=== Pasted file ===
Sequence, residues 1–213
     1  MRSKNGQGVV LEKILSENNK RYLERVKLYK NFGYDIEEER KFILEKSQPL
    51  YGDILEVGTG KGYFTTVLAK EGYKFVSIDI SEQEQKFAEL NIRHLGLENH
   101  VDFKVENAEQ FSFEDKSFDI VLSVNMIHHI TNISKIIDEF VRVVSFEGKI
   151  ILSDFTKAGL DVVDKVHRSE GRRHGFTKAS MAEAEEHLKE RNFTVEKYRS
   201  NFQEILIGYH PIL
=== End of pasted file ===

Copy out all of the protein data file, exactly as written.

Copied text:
Sequence, residues 1–213
     1  MRSKNGQGVV LEKILSENNK RYLERVKLYK NFGYDIEEER KFILEKSQPL
    51  YGDILEVGTG KGYFTTVLAK EGYKFVSIDI SEQEQKFAEL NIRHLGLENH
   101  VDFKVENAEQ FSFEDKSFDI VLSVNMIHHI TNISKIIDEF VRVVSFEGKI
   151  ILSDFTKAGL DVVDKVHRSE GRRHGFTKAS MAEAEEHLKE RNFTVEKYRS
   201  NFQEILIGYH PIL